The Greek tragedy proves that Europe does not believe in economic and social rights as a matter of justice

Early this morning, the President of the EU Council has announced that a deal had been reached. After one referendum and a collection of ultimatums, Grexit is out of the question, for now.

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The details of the agreement remain unspecified as I write these lines. The Guardian reports that, this last intense weekend, the German Government proposed measures such as Greece leaving the Euro temporarily if it refused a new bailout or, Greece setting aside €50 billion worth of assets as collateral for an eventual privatisation (hopefully, the Acropolis wasn’t in the list of assets). The paper says that the proposals “did not enjoy a consensus among eurozone leaders”, which is a slight relief.

At this point, the exact lyrics of the song have not been made public, but the stage where they have to be performed is well known. In 2013, the UN Independent Expert on Foreign Debt and Human Rights warned that “the prospects of a significant number of Greeks securing an adequate standard of living in line with international human rights standards have been compromised by bailout conditions imposed by Greece’s international lenders”. After visiting the country, he denounced that more than 10% of the population lived in extreme poverty. National economy has shrunk by a quarter since the beginning of the implementation of extreme cuts in 2010, with rocketing unemployment (nearly 30%), especially among youngsters (twice that percentage). In late 2014, the FIDH and the Hellenic League for Human Rights reported a similarly bleak picture, with radical cuts in minimum wages since 2012 (22-32%) and rising inequality.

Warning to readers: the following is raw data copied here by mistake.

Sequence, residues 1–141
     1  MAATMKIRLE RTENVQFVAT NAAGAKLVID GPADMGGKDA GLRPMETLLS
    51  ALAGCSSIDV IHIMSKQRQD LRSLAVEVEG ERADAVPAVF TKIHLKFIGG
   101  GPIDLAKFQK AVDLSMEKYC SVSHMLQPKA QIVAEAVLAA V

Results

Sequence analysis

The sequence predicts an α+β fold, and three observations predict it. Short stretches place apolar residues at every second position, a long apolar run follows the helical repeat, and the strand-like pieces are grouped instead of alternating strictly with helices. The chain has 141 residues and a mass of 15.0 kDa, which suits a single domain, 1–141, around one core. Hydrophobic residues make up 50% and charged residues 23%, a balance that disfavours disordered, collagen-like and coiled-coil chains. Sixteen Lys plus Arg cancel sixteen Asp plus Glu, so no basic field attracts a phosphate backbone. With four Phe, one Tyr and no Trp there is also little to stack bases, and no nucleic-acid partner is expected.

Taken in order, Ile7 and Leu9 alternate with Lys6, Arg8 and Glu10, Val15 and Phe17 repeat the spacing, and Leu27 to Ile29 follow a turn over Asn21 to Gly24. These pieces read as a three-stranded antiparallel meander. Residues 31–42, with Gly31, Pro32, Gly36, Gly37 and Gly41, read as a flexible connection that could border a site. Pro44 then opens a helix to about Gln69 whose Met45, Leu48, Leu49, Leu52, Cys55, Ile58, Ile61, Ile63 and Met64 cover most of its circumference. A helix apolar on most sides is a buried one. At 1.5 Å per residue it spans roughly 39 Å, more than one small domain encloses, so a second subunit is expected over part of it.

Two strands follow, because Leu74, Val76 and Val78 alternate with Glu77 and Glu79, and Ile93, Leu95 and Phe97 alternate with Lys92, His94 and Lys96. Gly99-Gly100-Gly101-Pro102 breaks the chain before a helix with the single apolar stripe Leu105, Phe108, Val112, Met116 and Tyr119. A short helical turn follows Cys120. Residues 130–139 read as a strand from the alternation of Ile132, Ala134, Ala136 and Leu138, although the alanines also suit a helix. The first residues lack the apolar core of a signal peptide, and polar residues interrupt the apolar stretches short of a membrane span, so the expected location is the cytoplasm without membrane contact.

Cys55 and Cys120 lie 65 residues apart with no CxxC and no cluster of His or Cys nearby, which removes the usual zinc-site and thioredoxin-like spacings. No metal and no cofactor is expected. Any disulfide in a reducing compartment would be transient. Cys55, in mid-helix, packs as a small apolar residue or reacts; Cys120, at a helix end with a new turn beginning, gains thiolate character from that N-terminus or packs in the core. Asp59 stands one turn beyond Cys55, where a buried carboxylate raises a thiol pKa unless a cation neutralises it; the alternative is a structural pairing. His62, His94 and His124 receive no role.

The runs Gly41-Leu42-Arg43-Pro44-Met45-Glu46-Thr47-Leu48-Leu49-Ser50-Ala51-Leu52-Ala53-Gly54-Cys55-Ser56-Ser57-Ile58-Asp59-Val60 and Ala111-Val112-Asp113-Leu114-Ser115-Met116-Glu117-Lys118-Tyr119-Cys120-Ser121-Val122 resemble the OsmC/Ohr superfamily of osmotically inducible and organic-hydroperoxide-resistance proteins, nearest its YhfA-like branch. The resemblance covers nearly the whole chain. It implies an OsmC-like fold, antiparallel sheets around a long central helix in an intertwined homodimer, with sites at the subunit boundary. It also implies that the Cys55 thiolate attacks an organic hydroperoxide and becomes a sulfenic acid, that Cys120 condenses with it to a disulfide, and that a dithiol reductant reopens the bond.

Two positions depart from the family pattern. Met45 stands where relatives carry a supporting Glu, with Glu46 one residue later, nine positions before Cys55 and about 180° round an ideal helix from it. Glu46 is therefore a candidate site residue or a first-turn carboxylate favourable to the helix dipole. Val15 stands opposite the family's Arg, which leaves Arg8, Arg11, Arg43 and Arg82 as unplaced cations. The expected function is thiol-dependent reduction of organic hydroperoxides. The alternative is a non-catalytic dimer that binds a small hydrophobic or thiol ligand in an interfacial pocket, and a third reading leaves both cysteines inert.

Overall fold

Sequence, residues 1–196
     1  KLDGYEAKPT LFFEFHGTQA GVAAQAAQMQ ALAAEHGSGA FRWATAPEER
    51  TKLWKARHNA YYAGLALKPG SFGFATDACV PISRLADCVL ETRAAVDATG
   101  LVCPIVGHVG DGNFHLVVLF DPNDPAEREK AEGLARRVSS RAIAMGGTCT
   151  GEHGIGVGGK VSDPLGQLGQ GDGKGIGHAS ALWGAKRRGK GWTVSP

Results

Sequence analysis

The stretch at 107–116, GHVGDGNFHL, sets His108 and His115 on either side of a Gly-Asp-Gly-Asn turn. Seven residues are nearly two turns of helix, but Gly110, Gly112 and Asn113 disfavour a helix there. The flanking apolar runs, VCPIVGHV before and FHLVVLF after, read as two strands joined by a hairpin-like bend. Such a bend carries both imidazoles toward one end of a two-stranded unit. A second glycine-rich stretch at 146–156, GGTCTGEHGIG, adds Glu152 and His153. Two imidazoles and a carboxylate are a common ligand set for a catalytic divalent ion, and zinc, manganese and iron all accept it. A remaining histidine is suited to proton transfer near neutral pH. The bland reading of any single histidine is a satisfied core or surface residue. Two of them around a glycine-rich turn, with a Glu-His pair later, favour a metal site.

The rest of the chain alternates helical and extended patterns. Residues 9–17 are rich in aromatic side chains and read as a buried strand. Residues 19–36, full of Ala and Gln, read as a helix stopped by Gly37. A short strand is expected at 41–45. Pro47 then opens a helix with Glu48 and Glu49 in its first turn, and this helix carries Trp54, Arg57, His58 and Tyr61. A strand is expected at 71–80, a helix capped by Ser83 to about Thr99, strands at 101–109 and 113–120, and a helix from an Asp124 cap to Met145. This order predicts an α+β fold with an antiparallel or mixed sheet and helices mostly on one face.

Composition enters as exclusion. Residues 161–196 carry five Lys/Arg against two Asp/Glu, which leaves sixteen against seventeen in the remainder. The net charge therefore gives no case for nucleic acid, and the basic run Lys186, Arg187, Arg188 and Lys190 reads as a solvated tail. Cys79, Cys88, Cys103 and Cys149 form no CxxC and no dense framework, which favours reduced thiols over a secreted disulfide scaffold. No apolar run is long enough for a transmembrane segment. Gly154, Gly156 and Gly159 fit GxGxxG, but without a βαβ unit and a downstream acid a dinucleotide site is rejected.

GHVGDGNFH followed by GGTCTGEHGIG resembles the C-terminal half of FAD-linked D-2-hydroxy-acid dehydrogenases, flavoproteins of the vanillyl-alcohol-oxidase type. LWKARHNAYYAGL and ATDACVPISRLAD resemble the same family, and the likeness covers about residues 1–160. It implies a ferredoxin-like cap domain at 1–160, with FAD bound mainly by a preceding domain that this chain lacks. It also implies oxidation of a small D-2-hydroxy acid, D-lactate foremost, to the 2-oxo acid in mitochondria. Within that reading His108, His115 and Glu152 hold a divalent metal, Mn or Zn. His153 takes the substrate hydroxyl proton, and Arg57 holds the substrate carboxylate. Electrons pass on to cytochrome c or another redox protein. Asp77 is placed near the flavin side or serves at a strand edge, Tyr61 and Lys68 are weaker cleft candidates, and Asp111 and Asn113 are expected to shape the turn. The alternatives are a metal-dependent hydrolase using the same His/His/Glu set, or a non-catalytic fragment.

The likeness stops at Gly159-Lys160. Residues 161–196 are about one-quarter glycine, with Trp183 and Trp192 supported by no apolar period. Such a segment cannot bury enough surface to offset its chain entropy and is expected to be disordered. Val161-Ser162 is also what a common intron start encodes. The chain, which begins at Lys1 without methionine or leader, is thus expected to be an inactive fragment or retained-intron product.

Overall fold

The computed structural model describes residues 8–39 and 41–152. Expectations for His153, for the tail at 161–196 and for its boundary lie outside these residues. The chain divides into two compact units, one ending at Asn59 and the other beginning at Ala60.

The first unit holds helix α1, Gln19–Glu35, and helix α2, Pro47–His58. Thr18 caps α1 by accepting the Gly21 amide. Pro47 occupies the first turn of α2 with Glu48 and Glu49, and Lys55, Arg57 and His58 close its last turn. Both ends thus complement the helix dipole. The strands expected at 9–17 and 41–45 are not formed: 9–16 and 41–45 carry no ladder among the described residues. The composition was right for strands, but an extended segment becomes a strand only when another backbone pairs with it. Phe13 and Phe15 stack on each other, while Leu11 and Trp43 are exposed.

164 countries from all over the world, including all EU Member States, have ratified the International Covenant on Economic, Social and Cultural Rights (1966), which demands from Governments the adoption of all necessary measures to achieve progressively the full satisfaction of the rights to work, housing, health and education, among others. All EU Member States have also ratified the European Social Charter, either the original (1961) or the revised one (1996). Economic, social and cultural rights are also included in the EU Charter of Fundamental Rights (2000), “which shall have the same legal value as the Treaties” (Article 6.1 of the Treaty of the European Union, since the entry into force of the Lisbon Treaty in 2009).

ICESCR Continue reading “The Greek tragedy proves that Europe does not believe in economic and social rights as a matter of justice”

What matters in the EU debate? Numbers, authorship or content?